When you join with others in support of a cause, state officials don’t have a right to track you. That’s the upshot of last week’s Supreme Court ruling affirming the right to support nonprofit groups without being monitored by the state.
In an opinion likely to be recognized as a landmark case, the court struck down a California requirement that charities turn over a list of their major supporters before soliciting donations. The state failed to prove it needed the lists to enforce its tax laws or anything else.
California claimed it would keep the supporter names confidential. But a trial in the lower court revealed that the state carelessly exposed thousands of charity donor lists on a public website, a mistake that can’t be undone. Once a person’s identity and membership in a group is publicly exposed online, they are forever vulnerable to harassment and retaliation for their beliefs. Today’s unforgiving cancel culture heightens those threats.
Fortunately, the Supreme Court on Thursday reaffirmed the “vital relationship” between freedom of association and privacy. If people reasonably fear that their membership in a group will be revealed, either publicly or to powerful state officials, they will be deterred from exercising their First Amendment rights to assemble and speak out on controversial issues. Just as we vote in private booths, we have a right to join and speak in private groups.
When the government wishes to pierce this privacy, it needs a good reason. California failed to provide one. Yet it found support from politicians who have fought to rebrand movements of private citizens as nefarious “dark money groups.” This effort has led to numerous state laws over the last decade treating long-standing nonprofit organizations as campaign committees. These laws expose sensitive information about private citizens to state officials while revealing nothing to voters about government. They call it transparency.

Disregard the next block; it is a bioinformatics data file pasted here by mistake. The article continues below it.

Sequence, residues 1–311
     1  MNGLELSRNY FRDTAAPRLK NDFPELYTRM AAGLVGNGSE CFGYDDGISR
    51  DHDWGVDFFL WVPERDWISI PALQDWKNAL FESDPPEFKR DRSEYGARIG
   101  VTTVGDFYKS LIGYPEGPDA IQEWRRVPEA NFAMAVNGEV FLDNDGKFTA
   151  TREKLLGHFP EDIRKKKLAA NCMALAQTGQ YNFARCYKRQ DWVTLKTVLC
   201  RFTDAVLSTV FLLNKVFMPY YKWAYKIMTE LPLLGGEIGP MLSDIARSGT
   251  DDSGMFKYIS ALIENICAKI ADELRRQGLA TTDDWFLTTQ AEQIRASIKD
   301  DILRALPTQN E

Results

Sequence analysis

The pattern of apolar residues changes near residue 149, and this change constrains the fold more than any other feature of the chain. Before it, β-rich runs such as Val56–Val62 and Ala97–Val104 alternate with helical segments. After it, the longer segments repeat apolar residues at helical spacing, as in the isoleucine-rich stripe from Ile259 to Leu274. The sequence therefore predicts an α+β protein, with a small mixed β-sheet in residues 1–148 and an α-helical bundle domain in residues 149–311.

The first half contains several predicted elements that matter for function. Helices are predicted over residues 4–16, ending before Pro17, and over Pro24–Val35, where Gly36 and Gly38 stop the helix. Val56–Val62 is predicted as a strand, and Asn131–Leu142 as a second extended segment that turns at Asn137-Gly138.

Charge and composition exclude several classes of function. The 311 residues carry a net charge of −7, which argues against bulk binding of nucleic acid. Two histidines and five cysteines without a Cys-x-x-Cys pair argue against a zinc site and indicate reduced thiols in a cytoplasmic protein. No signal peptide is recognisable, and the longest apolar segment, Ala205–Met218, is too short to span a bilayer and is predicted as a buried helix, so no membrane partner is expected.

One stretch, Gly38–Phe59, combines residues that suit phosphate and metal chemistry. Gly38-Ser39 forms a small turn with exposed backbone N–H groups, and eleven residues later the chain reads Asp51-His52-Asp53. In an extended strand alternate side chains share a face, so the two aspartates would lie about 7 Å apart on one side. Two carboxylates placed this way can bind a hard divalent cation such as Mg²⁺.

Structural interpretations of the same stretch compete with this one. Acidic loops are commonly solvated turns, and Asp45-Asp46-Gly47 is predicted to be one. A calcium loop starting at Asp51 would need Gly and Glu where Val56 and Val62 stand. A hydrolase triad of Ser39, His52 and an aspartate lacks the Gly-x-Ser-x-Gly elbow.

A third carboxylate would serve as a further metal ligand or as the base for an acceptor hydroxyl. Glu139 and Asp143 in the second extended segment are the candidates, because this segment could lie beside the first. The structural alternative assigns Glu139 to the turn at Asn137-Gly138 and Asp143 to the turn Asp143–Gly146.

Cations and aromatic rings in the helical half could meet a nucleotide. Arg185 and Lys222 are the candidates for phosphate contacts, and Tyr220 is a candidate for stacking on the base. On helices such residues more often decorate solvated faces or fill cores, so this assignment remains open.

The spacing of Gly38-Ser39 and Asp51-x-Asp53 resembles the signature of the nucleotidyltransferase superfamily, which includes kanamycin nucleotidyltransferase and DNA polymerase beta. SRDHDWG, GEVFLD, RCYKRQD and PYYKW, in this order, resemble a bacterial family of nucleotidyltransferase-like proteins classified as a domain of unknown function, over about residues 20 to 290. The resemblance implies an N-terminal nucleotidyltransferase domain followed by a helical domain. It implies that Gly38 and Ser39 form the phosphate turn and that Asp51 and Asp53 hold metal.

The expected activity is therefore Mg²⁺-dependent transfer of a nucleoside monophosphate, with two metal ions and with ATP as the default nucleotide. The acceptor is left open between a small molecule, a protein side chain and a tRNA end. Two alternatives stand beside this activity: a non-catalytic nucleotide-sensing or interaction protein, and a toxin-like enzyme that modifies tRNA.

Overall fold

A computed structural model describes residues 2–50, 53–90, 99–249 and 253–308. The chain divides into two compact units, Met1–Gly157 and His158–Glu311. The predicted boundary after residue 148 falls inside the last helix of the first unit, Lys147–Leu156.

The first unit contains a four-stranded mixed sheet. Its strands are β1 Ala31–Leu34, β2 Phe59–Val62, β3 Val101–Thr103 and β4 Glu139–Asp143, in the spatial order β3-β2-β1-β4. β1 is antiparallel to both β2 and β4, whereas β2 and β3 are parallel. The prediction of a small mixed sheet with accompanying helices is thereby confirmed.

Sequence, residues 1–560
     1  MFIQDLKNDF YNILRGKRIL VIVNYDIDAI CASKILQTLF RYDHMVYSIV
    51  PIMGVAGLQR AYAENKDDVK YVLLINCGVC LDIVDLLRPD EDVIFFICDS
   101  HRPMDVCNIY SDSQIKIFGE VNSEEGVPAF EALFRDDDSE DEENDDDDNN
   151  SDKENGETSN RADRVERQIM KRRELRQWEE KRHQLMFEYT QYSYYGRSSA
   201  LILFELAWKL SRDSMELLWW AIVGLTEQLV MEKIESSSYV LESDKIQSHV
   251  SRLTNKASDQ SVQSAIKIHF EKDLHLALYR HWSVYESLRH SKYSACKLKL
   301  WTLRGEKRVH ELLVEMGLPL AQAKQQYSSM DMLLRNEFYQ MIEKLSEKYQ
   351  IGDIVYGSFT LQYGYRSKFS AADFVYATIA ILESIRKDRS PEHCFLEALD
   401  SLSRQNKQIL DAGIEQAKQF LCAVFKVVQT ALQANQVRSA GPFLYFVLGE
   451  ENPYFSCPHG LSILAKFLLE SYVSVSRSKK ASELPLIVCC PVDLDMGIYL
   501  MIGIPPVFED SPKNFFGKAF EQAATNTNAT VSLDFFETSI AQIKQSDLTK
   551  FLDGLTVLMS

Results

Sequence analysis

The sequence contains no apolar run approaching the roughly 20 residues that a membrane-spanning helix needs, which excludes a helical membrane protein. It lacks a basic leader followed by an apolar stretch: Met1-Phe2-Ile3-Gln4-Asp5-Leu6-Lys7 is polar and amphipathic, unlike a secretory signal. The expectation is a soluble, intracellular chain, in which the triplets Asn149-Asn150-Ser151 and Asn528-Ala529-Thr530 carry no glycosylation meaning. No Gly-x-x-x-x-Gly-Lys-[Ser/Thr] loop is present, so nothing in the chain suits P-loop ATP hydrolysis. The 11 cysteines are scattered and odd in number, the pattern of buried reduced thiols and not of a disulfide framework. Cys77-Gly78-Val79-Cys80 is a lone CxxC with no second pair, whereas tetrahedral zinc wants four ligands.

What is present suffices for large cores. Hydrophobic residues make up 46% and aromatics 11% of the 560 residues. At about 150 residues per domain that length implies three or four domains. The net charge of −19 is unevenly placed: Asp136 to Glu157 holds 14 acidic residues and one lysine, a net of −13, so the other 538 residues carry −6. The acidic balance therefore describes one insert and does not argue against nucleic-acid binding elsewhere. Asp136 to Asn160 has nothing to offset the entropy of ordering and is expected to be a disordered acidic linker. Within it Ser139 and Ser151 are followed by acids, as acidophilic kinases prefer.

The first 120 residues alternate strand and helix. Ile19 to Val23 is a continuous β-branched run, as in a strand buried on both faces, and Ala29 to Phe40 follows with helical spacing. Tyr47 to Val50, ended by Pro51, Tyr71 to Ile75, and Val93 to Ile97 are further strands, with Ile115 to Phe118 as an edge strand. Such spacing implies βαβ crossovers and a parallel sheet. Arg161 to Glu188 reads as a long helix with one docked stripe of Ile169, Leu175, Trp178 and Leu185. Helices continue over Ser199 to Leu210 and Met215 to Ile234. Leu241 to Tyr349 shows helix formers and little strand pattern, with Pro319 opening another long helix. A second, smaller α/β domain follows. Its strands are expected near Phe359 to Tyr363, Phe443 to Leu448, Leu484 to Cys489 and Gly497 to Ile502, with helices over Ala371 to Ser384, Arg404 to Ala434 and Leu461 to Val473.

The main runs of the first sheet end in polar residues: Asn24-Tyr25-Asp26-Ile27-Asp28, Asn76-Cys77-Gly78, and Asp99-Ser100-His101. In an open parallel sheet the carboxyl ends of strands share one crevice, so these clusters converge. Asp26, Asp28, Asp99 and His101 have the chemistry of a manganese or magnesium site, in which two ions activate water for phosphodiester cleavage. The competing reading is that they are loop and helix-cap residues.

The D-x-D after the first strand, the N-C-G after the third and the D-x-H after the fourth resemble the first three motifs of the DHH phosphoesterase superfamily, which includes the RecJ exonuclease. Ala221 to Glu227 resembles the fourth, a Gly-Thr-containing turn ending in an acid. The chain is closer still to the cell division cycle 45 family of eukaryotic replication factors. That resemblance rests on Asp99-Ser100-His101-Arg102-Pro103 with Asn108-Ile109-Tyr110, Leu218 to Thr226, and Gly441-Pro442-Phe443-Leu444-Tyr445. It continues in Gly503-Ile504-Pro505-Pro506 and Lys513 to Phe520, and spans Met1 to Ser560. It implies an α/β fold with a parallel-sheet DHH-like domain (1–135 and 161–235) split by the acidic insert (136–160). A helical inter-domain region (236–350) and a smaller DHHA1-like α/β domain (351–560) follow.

Free speech advocates warned that the campaign against so-called dark money would be a race to the bottom that puts everyone’s privacy at risk. California proved their case, demanding supporter lists from every charitable organization in the state. No wonder it was opposed in Thursday’s case by hundreds of groups from across the political spectrum, including the United States Chamber of Commerce, the American Civil Liberties Union, the Council on American-Islamic Relations, and the Zionist Organization of America.
The court was careful to note in its ruling that this was no campaign finance case. The plaintiffs are charitable organizations barred by federal law from participating in campaigns. That hasn’t stopped disgruntled politicians from claiming the decision is a strike against campaign finance laws.
The real takeaway should be how broadly First Amendment rights were violated before the Supreme Court stepped in. The right to join and support nonprofit organizations privately was unanimously recognized by the Supreme Court way back in 1958. Yet that precedent had been eroded so thoroughly that California eventually felt free to ignore it altogether. The 9th U.S. Circuit Court of Appeals agreed it could.
The Supreme Court corrected that grave error with a decision that begins to restore freedom of association to the vaunted status it rightfully held in the 20th century. Hopefully, one day we will look back and see that California’s overreach awakened the court to the new generation of threats facing our most fundamental First Amendment freedoms.
Luke Wachob is the communications director at the Institute for Free Speech in Washington, D.C.
Luke Wachob | Columnist
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